What a great nation we live in! Here we are in the twenty-first century celebrating two men who performed magnificently in a position that was established in the eighteenth century. George Washington and Abraham Lincoln are widely regarded as two of the finest presidents our country has ever had. There are good reasons for this distinction. They led the country through the two most challenging times the nation has experienced: the first eight years of the country's existence, and the Civil War.
Here in the twenty-first century, educators are striving to provide their students with learning experiences that will build life skills, require critical and creative thinking, and build communication/collaborative learning skills. In this article, I will propose an activity which combines these learning goals with a President's Day theme.
The Top Ten Presidents
While President's Day is most often associated with George Washington and Abraham Lincoln, it is also meant to be a day that honors all of our presidents. I believe a worthwhile activity would be to divide your students into four groups and assign each of them the same task: they must compile a "Top Ten" list of America's greatest presidents. The presidents who are honored on Mt. Rushmore will almost certainly appear on each group's list. But, who will the other six be? In what order, one through ten, will each group rank the presidents they chose? The group will be charged with researching all forty-four presidents and deciding which ones belong on their top ten list. They must then rank their presidents and create a PowerPoint presentation. The presentations should contain an image of each president, and a slide that gives the five most compelling reasons for choosing that president. Obviously the slides should be order in the presentations. Each group can decide if they want to ascending or descending order. Here are two excellent websites that your pupils can access in order to conduct their research and find images of each president: The Presidents of the United States, and The History Place - Presidential Portraits. The groups should be encouraged to explore other sources as well. Before turning the groups loose to do their research, have a discussion with your class that helps them think of some indicators as to whether or not a president should be considered for top-ten status. Here is a list of questions to get you started:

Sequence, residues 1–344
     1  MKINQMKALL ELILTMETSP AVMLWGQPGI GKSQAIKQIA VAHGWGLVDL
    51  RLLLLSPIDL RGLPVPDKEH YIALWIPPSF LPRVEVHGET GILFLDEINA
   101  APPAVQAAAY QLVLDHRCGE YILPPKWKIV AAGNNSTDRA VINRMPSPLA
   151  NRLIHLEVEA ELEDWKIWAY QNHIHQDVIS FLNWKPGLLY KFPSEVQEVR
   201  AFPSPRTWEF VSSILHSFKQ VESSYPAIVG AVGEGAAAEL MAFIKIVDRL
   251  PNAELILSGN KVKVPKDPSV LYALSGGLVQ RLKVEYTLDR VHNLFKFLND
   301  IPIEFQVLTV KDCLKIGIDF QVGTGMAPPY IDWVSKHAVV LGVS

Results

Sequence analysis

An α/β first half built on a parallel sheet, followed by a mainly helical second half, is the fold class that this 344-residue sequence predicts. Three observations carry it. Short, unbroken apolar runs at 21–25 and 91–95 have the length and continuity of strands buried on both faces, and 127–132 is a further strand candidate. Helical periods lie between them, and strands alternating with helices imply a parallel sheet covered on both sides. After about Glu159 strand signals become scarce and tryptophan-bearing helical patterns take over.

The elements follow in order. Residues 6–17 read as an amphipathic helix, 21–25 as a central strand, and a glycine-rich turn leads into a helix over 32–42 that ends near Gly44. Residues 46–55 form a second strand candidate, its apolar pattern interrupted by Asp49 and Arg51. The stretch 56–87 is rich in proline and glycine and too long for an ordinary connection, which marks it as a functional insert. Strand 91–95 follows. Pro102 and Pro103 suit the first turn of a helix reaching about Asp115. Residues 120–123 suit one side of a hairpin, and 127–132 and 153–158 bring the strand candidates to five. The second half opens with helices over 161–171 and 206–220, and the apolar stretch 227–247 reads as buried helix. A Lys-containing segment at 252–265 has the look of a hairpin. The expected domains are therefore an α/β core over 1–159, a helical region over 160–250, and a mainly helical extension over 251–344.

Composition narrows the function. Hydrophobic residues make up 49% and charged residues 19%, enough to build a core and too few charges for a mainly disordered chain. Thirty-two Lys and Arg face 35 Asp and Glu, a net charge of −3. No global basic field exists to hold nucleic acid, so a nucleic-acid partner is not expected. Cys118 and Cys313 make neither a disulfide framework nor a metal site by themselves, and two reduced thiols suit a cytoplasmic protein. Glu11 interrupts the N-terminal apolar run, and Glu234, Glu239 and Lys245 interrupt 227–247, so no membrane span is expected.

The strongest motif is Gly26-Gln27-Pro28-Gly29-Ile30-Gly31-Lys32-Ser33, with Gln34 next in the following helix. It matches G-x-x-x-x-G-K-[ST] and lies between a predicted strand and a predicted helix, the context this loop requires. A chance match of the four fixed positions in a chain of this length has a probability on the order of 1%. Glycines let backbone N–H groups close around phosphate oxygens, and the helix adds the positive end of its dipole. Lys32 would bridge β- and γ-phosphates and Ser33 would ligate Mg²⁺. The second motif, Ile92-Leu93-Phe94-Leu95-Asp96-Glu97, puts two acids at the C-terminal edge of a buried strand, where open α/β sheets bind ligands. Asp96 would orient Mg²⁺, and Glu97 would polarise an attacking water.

- Has the class ever heard of the president before?
- Was he a one or two-term president? Generally speaking, two-term presidents are more highly regarded than one-term presidents.
- Did he successfully lead the country through a crisis - such as a war, or an economic downturn?
- Is he known for greatly improving America during his presidency?
- Does his image appear on a coin or currency note?
- Are there any famous monuments or places named after the president?
This project would work best if the groups make their presentations on a day that is close to President's Day. Here are some other lesson ideas for you to peruse as President's Day draws near.
President's Day Lessons:
It's never too early to begin teaching pupils the President of the United States, and what he (someday, she?) does. This particular lesson is designed for kindergarten and first graders. The class discusses the meaning of the term leader, and discovers that the president is the leader of our country. After discovering some of the things that a president actually does, student pairs complete a worksheet titled, "A Day as President."
Another outstanding lesson from The New York Times! Middle-elementary students take a look at actual letters that were sent to President Obama, and past U.S. presidents, and determine which criteria are necessary in order for a letter to actually reach his desk. Students compose their own letters to President Obama, and send them off. Awesome idea, and a very well-designed lesson.
Fourth through sixth grade learners engage in this very rich lesson, which has them identify important events and accomplishments in the life of one US president. Additionally, they consider the major national issues and events faced by that president. They choose one major event and show how the system of checks and balances were put into play. A high-level lesson!
This simple, yet very effective, lesson invites middle to high school pupils to take a close look at the Electoral College. They debate it's merits and drawbacks, and answer ten questions which lead them to a higher-level of understanding of the nuances of this system.